So far the Philharmonic, as representative of London concerts. At the Opera the change is said to have been brought about by Chelard, who conducted the German Company in London in 32.

Of late years—with Herr von Bülow—the practice of conducting from memory has come in, and for those who can stand the enormous strain which is implied in the recollection of every nuance and the exact entry of every instrument in a long and complicated work, no doubt it is a great comfort not to have to think of the book, but the power must surely be confined to a few and must always be full of risk.

It would be difficult within the limits of this article to give any definite instructions on the art of conducting, even if such instructions could be practically useful; but conducting, perhaps more than any other business, is a matter of natural gifts and practice. Those however who wish to see what has been said on the subject by three great musicians may consult the 'Vollkommene Capellmeister' of Mattheson (1739), the 'Orchestral Conductor' of Berlioz—the appendix to his Modern Instrumentation and Orchestration—and (less didactic and more polemical) the 'Ueber das Dirigiren' of Wagner. There is a description from a different point of view, well worth reading, in Berlioz's letter to Liszt, No. 3 of his ' Voyage musical.'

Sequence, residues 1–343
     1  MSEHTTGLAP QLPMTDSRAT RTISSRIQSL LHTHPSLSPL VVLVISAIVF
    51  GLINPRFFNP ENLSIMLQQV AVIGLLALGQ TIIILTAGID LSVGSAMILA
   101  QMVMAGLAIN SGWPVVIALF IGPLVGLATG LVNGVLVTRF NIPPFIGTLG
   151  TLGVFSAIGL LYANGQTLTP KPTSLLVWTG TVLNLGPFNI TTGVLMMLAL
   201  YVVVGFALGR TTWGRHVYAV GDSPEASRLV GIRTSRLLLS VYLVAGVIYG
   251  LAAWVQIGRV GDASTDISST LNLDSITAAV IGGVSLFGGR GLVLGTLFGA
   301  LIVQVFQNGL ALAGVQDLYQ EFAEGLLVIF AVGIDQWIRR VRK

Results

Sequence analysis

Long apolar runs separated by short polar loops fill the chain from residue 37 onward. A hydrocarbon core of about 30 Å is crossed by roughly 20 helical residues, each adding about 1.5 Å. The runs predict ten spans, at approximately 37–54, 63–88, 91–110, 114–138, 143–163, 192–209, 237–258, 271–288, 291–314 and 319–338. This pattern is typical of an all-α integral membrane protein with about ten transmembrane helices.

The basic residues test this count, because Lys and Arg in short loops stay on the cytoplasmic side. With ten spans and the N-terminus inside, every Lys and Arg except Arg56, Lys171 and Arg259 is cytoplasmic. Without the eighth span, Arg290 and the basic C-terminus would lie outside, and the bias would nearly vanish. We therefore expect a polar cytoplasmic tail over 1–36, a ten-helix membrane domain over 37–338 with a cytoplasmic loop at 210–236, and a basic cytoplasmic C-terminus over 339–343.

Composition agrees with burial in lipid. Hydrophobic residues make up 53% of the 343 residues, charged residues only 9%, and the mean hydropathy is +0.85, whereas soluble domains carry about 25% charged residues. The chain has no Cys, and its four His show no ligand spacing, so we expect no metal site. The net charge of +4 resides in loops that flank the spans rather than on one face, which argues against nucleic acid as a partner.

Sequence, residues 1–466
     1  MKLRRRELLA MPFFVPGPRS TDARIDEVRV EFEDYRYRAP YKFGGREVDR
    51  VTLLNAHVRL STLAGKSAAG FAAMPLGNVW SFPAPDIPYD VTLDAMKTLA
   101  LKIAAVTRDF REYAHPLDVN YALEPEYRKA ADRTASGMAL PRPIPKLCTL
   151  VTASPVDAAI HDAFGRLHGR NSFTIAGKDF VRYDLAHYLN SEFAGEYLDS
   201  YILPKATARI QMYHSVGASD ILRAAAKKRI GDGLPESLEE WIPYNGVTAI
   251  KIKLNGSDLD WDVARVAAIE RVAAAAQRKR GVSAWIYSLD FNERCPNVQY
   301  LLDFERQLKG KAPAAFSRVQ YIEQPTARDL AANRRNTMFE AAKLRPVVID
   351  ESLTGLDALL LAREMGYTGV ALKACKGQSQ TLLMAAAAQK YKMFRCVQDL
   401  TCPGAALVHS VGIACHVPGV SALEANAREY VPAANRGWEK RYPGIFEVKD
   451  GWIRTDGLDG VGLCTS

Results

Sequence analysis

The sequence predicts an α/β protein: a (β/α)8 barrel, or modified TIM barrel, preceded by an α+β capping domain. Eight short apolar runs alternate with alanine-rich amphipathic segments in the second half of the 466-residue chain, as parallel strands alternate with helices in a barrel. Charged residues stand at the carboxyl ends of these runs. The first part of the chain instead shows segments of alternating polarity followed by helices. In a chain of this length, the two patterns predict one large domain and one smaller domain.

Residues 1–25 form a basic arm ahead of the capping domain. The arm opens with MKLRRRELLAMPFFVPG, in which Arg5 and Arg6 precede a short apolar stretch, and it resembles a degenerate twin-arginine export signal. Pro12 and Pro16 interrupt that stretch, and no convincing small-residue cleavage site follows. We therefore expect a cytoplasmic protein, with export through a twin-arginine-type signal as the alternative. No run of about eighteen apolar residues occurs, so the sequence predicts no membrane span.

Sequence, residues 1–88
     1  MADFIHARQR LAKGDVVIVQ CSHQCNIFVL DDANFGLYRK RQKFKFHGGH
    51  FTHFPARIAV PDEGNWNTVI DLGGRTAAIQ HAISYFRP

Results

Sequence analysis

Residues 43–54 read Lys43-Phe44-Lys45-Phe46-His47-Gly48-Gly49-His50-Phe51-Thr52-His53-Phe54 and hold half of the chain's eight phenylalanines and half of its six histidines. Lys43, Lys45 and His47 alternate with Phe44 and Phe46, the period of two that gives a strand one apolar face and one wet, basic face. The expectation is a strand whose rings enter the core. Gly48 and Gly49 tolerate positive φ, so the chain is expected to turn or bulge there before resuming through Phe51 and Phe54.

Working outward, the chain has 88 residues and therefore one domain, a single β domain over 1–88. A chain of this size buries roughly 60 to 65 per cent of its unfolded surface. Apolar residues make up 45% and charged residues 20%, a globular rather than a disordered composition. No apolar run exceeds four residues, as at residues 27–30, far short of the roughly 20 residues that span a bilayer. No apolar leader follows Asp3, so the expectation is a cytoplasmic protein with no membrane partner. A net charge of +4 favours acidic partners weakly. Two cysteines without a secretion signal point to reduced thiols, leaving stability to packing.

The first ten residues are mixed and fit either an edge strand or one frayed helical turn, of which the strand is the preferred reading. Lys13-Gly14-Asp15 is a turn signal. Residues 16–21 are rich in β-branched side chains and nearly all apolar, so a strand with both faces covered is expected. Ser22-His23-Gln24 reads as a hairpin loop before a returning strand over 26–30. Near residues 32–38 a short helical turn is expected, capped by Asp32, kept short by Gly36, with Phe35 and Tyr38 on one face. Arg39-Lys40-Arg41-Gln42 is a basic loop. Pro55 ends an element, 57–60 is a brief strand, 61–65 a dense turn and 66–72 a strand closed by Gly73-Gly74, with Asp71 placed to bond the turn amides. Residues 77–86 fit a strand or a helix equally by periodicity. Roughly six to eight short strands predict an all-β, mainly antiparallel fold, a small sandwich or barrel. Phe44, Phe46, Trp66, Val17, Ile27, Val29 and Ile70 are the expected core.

[ G. ]

CONDUCTOR'S PART. A substitute for a full score, in which the parts are condensed into two staves, and the names of the various instruments are inscribed as they enter. Spohr's D minor Symphony is published in this shape only.

CONFORTI, Giovanni Luca, was a Calabrian, and born at Mileto about 1560. He was admitted into the Papal Choir in 1591. He was doubtless a successful and accomplished singer according to the fashion of his time; but his chief title to notice seems to have been the publication of a volume containing a series of vocal ornamentations of all kinds wherewith to overlay the Psalms in ordinary use in the church on Sundays and holidays throughout the year. Baini ascribes to him what he considers the restoration of the 'trillo.' [Tremolo; Trillo.]

[ E. H. P. ]

CONRADI, August, born at Berlin 1821 [App. p.597 "June 27"], studied harmony and composition under Rungenhagen. In 1843 he produced a symphony,